insured its return. JJ closed the door and ran up the stairs.
Fifteen minutes later, she was ready to roll.
Black leather pants as soft as butter melted over her long thin
legs. Her full sleeved black poet’s shirt was topped by a leather
vest with four latch hook closings. She would have liked to
complete the look with a pair of spike heeled boots, but they were
impractical in her line of work so she settled for the combat style
that laced up over her ankles. She grabbed her keys and headed out
to her car.
Twenty minutes after that, she pulled the
Mustang into a slot just vacated by an erratically driven
Volkswagen. As soon as she was out of the car, she removed her
leather jacket and folded it neatly away in the trunk. No need to
tempt passersby by leaving it on the seat. She’d be cold without
it, but there was nothing unusual about that. She’d been cold for a
very long time.
She beeped the lock and tucked the key
securely in her pocket before taking off at a near run into the
heart of the warehouse district. She slowed to a walk when she
started to come across people walking the other way.
JJ recognized the three young men in the
group coming toward her. She didn’t know their names, but she’d
seen them around and one of them had tried to hit on her or
whatever they called it these days. Was he trying to add an older
woman to his list of conquests or did she look like she was only
twenty? She hadn’t talked to him long enough to find out. Snarling
one of her usual cutting remarks, she’d sent him on his way to the
great amusement of his friends.
The group passed with her would-be date
self-consciously looking the other way. A dark haired young woman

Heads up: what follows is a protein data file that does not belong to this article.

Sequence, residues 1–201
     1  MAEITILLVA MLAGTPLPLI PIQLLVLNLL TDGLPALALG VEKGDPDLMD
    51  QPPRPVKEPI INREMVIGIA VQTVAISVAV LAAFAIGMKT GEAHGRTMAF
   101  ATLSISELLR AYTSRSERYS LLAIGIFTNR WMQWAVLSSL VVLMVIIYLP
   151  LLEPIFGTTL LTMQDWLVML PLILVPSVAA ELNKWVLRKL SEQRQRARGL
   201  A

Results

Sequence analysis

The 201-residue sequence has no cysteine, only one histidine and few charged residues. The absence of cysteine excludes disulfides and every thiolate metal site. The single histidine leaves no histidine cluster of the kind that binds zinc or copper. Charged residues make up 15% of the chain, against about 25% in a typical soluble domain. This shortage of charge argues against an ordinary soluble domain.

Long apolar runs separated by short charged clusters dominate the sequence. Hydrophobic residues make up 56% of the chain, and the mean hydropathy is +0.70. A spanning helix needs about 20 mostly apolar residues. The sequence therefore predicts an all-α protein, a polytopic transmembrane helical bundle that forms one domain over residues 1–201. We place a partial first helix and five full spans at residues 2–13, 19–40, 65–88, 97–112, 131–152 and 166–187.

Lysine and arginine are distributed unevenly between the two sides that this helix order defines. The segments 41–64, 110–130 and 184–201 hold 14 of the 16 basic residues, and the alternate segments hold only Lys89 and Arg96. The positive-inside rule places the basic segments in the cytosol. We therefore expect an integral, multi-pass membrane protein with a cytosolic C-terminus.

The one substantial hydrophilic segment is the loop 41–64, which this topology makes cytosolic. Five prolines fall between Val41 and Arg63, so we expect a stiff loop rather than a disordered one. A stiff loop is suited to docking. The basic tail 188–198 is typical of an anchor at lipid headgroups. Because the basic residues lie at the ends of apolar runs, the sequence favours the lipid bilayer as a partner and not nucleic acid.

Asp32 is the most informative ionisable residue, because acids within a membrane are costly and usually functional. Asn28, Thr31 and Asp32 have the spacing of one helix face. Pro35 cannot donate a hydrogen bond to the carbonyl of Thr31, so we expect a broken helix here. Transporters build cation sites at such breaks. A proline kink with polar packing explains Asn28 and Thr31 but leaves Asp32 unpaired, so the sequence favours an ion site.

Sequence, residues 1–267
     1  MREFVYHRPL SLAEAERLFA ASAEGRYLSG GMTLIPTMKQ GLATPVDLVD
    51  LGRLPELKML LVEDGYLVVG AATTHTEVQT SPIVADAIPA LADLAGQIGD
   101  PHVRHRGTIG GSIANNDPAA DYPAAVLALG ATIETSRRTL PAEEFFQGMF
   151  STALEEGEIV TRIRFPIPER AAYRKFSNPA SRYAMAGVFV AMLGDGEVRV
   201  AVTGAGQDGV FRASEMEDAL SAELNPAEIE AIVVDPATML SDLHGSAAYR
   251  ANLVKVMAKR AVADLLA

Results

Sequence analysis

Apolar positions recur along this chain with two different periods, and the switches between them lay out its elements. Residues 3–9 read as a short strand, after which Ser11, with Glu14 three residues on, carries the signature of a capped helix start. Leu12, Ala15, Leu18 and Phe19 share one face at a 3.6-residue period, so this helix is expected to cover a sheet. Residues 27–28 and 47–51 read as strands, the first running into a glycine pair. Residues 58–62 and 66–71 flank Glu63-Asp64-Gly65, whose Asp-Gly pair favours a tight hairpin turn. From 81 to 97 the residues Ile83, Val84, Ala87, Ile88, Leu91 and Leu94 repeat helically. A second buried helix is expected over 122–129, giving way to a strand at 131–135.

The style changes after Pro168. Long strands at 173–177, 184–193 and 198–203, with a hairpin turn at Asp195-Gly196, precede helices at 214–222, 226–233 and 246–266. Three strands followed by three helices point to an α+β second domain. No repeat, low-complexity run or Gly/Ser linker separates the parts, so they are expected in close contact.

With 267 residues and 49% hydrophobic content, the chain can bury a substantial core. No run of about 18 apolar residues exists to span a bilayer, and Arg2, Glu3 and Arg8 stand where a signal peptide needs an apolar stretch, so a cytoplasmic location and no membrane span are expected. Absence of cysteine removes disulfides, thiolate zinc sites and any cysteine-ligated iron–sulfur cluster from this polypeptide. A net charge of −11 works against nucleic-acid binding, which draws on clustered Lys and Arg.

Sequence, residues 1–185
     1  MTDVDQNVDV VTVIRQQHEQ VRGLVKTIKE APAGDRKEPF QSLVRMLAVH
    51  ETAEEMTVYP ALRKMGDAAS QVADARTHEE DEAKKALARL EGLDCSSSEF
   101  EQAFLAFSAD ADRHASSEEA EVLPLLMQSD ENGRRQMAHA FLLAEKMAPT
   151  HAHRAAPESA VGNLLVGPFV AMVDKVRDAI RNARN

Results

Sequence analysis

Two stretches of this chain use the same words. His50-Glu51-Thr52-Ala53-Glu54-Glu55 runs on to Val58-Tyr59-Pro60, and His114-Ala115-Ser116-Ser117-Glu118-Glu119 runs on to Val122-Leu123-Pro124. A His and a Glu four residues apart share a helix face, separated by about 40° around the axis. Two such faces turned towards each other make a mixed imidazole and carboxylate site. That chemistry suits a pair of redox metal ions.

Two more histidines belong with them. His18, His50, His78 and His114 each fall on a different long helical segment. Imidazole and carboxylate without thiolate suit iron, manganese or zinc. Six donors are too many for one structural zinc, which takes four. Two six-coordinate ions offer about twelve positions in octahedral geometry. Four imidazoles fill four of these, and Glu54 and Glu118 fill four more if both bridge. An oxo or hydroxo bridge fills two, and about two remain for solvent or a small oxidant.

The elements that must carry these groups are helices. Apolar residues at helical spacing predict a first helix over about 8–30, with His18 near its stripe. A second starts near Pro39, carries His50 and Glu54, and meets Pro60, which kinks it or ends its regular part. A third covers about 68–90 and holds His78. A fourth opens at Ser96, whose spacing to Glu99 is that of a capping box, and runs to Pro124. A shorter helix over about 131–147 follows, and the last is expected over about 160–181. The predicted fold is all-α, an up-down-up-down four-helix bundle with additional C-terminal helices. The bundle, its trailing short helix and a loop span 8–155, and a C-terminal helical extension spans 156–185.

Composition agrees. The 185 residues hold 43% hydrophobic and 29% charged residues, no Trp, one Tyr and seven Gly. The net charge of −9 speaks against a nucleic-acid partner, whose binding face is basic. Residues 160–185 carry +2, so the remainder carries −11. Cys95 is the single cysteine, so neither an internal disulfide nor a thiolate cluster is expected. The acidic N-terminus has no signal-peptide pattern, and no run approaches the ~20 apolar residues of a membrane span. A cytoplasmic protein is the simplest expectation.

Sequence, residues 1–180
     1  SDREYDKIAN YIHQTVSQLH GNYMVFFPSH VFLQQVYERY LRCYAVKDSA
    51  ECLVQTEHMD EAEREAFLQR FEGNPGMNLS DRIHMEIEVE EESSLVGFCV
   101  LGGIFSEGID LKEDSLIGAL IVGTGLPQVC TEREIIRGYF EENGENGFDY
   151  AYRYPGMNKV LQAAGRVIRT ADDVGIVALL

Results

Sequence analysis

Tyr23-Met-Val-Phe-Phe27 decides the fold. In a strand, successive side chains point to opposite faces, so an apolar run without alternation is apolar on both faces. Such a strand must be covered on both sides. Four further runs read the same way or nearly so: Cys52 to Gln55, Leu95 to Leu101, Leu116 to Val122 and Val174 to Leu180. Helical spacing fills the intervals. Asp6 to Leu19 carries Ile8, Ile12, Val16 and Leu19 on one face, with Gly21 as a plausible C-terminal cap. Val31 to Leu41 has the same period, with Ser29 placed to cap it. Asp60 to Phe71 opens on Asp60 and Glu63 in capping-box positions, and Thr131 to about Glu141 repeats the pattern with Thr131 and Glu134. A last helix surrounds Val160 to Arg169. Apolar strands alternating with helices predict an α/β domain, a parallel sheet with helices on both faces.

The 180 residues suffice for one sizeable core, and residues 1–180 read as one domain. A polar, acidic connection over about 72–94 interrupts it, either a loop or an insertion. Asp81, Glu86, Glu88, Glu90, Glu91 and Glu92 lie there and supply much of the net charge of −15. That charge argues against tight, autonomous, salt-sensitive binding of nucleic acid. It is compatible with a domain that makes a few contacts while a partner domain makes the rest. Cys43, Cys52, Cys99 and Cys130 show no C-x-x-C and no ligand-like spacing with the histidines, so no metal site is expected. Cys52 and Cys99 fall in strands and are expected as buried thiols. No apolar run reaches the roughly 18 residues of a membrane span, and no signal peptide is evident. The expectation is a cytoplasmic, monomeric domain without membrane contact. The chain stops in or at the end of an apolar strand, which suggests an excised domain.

smiled and nodded her head as if in recognition. JJ returned the
nod, but didn’t smile. She wasn’t in the habit of encouraging
There was something odd about the group,
nothing overt, but every time she saw them or others like them, her
cop’s sixth sense always niggled at the back of her mind. Their
clothes were too new, too put together, almost like costumes taken
from a movie set. They weren’t comfortable wearing them, either.
The girls were always tugging at the hems of their short skirts;
the guys always reaching for ties that weren’t there. JJ thought of
them as ‘others’ when she thought of them at all.
She shook her head at her own distraction.
When had being too clean cut become a crime? Tonight she was on the
job. Not her official cop job, but a job nonetheless. She needed to
keep her head in the game.
JJ knew she was headed in the right direction
as the music increased in volume and something sweet was added to
the usual smell of oil and grease and rusted metal that permeated
the district. If a substance could be smoked, it was being smoked
right here. Once you were in the area, the aroma alone would lead
the way. A miasma of herbs, spices, and the always available
marijuana floated through the narrow alleys, the Hansel and Gretel
breadcrumbs of the rave scene.
Rizzo was on the door tonight and he waved
her in without bothering to collect her ticket. Tall, broadly built
with the face of an angry bulldog, he was one of her street
acquaintances and he winked as she passed by. A blast of heat hit
her as she entered and she was glad she’d braved the cold and left
her jacket behind. This party had started hours ago and between the
drinking, frenzied dancing and the side effects of certain drugs,
the place was a furnace of body heat.